hanging deer

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This topic contains 9 replies, has 10 contributors, and was last updated by buckeyebowman buckeyebowman 3 years, 2 months ago.

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  • November 14, 2011 at 3:43 am #496624 Back to Top REPORT


    Joined: 5/16/2009
    do most of you hang your deer for a day or two before processing. Or do you just do it that night thanks
    November 14, 2011 at 11:03 am #533575 Back to Top REPORT

    Joined: 2/1/2007
    Depends on the temps. Early season gets quartered and coolers ASAP. Given the choice, I’d hang it.
    November 14, 2011 at 2:17 pm #533576 Back to Top REPORT

    Joined: 1/20/2008
    Mine usually hang a day or two if it’s cold enough outside. They always cut better when the meat’s cool.
    November 22, 2011 at 6:00 pm #533577 Back to Top REPORT

    Age: 71
    Joined: 10/3/2006
    Location: Colorado
    View My Bows
    By ‘hanging’ if you mean ‘aging’, I never do it for game. True aging is a breakdown of the meat (rotting) under controlled temps. A mold forms on the outside of the meat, which must be trimmed off and discarded. You will lose from 10% to 15% of the meat by aging. Truthfully, any portions that are to be ground, or brined, or slow cooked (crock pot, etc.) do not require aging since the cooking process takes care of the tenderization. Only the steak cuts like top and bottom round, Sirloin, NY or Ribeye, or chuck benefit from aging, but IMHO the waste is not worth the small benefit gained.

    If by ‘hanging’ you mean cooling the meat to below 45ºF, I do that with hide off, and like said, the cutting is far better. I place the quarters, etc. on pallets with frozen 2L bottles of ice, covered with a tarp and a portable fan to circulate air. Once the meat is down to temp and firm, then I make the cuts, wrap, and freeze.

    Having help always makes the work go faster … and more fun. Both my wife and I always say Grace and thank the Elk … and some how, knowing the animal, how it was taken, and how it was processed, makes the meal more nurishing, for both Body and Soul. :hugs

    December 20, 2011 at 3:12 am #533578 Back to Top REPORT


    Joined: 12/20/2011
    if temp permits i hang it for atleast a day.
    February 16, 2012 at 3:57 pm #533579 Back to Top REPORT

    Joined: 2/2/2007
    We hang all our deer for atleast a couple days or a week when possible. Tradition I guess :D
    February 19, 2012 at 12:26 am #533580 Back to Top REPORT

    Joined: 3/8/2011
    hang for 24 hours then spend the next several days trimming and some grinding then off to the freezer :D
    March 9, 2012 at 8:45 pm #533581 Back to Top REPORT

    Joined: 5/16/2006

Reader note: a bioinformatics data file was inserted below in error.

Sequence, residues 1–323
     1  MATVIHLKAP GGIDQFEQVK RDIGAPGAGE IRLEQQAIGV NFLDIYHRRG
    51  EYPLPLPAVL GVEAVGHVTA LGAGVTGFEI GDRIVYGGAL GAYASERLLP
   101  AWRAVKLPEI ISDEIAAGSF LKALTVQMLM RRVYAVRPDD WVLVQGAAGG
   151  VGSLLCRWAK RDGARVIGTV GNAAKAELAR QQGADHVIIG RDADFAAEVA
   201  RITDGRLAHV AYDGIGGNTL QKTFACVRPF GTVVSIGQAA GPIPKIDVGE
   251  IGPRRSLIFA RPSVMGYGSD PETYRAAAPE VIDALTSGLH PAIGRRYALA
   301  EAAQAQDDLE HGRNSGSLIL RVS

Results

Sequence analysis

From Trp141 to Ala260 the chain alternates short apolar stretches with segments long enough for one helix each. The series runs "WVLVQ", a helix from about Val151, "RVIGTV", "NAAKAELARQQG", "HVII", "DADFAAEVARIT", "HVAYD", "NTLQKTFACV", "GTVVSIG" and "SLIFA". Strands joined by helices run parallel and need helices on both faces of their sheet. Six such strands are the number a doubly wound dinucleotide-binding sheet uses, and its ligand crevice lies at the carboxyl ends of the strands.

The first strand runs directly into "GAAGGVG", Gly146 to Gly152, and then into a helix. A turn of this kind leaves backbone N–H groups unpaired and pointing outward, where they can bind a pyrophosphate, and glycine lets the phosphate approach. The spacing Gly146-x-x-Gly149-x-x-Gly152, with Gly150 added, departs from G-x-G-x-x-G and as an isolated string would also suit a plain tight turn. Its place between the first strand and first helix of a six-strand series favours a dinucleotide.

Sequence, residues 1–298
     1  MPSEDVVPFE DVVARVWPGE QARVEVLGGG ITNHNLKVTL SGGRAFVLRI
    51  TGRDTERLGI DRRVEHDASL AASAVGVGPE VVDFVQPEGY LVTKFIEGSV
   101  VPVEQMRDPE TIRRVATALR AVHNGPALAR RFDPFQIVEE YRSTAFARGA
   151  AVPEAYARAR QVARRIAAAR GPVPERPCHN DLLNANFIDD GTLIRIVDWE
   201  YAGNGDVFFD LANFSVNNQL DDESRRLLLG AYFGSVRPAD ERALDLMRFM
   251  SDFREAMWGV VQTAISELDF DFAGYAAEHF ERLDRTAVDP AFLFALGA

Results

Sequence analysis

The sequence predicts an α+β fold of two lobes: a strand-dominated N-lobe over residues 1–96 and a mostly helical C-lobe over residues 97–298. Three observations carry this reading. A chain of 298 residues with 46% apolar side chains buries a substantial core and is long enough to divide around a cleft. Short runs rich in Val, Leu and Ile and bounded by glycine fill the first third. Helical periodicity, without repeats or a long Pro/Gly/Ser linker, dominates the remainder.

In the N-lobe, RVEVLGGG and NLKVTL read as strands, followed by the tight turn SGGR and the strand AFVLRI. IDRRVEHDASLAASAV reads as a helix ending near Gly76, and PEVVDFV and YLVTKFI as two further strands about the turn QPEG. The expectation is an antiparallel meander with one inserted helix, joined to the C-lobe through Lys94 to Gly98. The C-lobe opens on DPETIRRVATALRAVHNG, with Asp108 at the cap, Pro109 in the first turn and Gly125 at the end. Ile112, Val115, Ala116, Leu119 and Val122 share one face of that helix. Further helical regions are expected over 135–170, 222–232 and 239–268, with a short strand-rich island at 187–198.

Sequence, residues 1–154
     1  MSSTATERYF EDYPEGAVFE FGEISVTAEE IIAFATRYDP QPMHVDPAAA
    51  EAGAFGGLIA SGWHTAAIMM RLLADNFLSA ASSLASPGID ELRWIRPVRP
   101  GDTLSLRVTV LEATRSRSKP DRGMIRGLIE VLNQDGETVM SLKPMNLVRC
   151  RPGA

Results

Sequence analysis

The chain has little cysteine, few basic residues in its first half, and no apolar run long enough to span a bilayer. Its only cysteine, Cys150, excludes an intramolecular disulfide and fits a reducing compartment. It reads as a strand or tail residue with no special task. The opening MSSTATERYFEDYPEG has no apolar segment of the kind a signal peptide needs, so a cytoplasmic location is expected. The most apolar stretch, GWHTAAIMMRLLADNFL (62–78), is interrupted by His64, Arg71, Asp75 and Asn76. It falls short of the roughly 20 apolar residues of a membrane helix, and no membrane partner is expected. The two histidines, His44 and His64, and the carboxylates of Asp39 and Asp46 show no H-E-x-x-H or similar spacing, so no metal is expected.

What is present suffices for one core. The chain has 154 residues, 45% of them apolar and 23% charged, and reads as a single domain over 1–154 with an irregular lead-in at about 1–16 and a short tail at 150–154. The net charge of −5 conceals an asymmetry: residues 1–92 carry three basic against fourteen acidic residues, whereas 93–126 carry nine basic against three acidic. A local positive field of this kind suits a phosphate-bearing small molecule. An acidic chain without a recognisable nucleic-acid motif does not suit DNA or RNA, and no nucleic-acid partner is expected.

Location: Alberta
    :D At least a week…some even leave the hide on if it has been cooled enough…no meat loss than…always too cool for mold…
    March 13, 2012 at 8:45 pm #533582 Back to Top REPORT

    Joined: 10/27/2010
    You should purchase a book on processing venison. I have hunted my whole life and have processed my own deer. Some I have aged and some were quickly processed. Temperature and humidity are in the formula for what you do. The book I purchased gave information that was top notch and will change how I process all game. Some of the deer parts do not really benefit from aging while other parts it will enhance tenderness and flavor. One great “tool” is a refrigerator that you can set at a temperature and allow the meat to age after skinning and quartering. Some cuts can be cut and then aged in the fridge. Freezing temps are no more useful to aging than really hot temps.

    What you are asking can be a simplified answer or it can take a book to answer. I recommend a book to make the best venison you can put on the table. :thumbup

    The term venison also applies to elk, mule deer,etc.

    April 9, 2012 at 2:05 am #533583 Back to Top REPORT

    Age: 62
    Joined: 9/9/2004

    :D At least a week…some even leave the hide on if it has been cooled enough…no meat loss than…always too cool for mold…

    Same here, if we have the temps to allow it. The tenderest venison I ever had was from one of the biggest deer I ever got. I was able to hang that one for 6 days. And I hang ‘em with the hide on. Don’t know why some folks are in such a rush to get that hide off. It’s an insulator just like a thermos bottle. Once you get the carcass cold, the hide helps keep it that way if you don’t have access to a meat locker or controlled temp environment.

    It's not how far you shoot, but how close you get.
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